Every year the wool company Wingham Wool comes to visit my local Guild. it is always very exiting, as it is a bit like wine tasting! It is trial spinning of all the fibres on offer! I was very positively surprised to find a good range of British Sheep Roving and again discovered breeds I hadn’t heard before like Massham sheep.I bought some Wensleydale fleece, which still needs carding and some Black Welsh. there is so much more to learn for me and I find this endlessly fascinating!
With gratitude I accepted the kind offer and since July a show of photos and and a small installation (hand spun, plant dyed and hand knitted).
The photos are documentation of wool processes, from a visit at the Natural Fibre Company, Launceston, Bosigran Farm in Penwith, and my own processes of spinning and dying.
The exhibition is s glimpse into my art practise, where I am exploring wool as a sustainable material, natural and local resources and slow processes as a reflection and invitation to wellbeing.
The fibre, I used, came from the Natural Fibre Mills and is their carding waste.
Occasionally during in the carding processes something goes wrong, or there is a overlap between two carding lots, say Shetland and Wensleydale, (one could say its a mongrel) and the fibre can not be used for further processes.The shawl also does demonstrate my first adventure into dying with natural plant dyes, in this case onion skins, weld (yellow) and woad (blue).
Wool is a living material, its connotations of clothing and keeping human mankind warm goes back to the beginning of humanity.
Wool provides the link, between our history and our presence, which I feel in my hands while engaging with a raw fleece, while quietly sitting watching how my hand spindle turns a cloud of something unformed into a form, a yarn.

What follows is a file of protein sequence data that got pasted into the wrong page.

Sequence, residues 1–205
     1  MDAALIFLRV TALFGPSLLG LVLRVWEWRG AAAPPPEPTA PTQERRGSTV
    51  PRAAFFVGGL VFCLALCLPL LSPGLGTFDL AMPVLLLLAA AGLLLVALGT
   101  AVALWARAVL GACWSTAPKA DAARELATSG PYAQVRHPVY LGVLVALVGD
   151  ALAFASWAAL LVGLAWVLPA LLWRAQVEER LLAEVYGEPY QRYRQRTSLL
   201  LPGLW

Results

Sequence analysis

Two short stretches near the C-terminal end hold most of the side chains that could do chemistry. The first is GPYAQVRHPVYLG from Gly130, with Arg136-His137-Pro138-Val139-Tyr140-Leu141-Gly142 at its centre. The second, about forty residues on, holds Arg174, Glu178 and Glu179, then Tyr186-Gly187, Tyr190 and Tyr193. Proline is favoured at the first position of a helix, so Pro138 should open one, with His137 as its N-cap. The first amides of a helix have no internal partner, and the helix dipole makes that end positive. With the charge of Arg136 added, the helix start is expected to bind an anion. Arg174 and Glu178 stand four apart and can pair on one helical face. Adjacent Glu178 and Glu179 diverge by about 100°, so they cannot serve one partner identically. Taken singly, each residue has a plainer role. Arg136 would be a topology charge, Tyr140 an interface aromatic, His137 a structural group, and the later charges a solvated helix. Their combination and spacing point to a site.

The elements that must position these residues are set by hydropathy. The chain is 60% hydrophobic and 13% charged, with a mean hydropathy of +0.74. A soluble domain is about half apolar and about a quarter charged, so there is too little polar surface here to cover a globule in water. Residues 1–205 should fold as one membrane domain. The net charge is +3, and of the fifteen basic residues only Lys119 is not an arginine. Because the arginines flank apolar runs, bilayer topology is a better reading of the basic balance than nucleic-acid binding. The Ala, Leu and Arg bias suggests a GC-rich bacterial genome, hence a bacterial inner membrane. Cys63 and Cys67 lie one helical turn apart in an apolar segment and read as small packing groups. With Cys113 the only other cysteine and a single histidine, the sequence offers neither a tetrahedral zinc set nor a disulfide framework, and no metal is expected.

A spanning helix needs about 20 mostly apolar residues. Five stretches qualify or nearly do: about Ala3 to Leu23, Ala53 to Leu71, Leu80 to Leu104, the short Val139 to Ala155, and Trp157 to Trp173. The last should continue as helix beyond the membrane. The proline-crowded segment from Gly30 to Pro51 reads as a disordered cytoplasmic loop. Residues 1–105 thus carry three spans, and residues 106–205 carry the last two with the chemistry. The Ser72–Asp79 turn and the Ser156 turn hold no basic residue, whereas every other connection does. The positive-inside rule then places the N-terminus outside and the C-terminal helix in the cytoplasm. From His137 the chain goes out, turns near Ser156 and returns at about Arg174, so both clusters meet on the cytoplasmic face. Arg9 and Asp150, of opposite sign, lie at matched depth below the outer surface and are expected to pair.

The yarn becomes a symbol, it is the umbilical cord to the land, which feeds and clothes us.
The pieces, I created from this yarn become the witnesses of the time spend and an embodied holder the memory of this time: they invite reflection about our choices how we pass our time.
Wool becomes my companion in my daily enjoyment and engagement, the slow movement of a spindle, of a wooden needle grounds me, slows down time and lets my breath become slow and deep, guides me back into the presence. Wool speaks to people, brings back memories, asks to be touched, to be held and invites to use their hands and cherish the fruits of their hands, again.
Wool asks for tools and company, in such it becomes the vehicle to initiate collaborations with other artist, craftspeople and sometimes musicians.
Wool is my tool and aide to heal my own connection to the land and through my work and my invitations to others to share my vision and hope: fostering reflections towards a healed relationships with our environment, the one and only world we are living in.
What creates change?
Fear can create change on the short-term, it can modify behaviour to avoid negative consequences .
On the long-term it is the positive experience, like sincere praise and appreciation which will lead to wanting to change for the positive. It is a challenging realisation that in the end only compassion and kindness will initiate healing, starting with ourselves and then reaching out to others people, to all beings on this planet .